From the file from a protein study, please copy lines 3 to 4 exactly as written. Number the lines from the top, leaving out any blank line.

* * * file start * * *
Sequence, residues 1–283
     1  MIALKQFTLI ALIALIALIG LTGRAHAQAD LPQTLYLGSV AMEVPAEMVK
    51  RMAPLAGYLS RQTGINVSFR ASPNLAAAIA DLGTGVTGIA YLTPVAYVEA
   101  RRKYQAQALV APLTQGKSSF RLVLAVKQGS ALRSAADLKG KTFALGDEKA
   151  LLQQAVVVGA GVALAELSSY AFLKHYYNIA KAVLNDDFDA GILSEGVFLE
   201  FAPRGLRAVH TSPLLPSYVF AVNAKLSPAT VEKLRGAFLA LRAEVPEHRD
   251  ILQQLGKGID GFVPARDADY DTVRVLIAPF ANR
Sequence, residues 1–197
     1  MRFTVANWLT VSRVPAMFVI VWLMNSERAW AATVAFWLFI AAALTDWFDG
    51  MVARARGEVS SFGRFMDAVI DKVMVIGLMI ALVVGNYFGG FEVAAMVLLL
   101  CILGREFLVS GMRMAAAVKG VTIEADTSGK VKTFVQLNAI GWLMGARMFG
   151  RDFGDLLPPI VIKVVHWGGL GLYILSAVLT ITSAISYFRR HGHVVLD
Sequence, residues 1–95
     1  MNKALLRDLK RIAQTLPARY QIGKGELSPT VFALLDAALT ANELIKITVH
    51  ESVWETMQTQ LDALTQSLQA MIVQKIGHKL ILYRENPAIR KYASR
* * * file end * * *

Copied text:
    51  RMAPLAGYLS RQTGINVSFR ASPNLAAAIA DLGTGVTGIA YLTPVAYVEA
   101  RRKYQAQALV APLTQGKSSF RLVLAVKQGS ALRSAADLKG KTFALGDEKA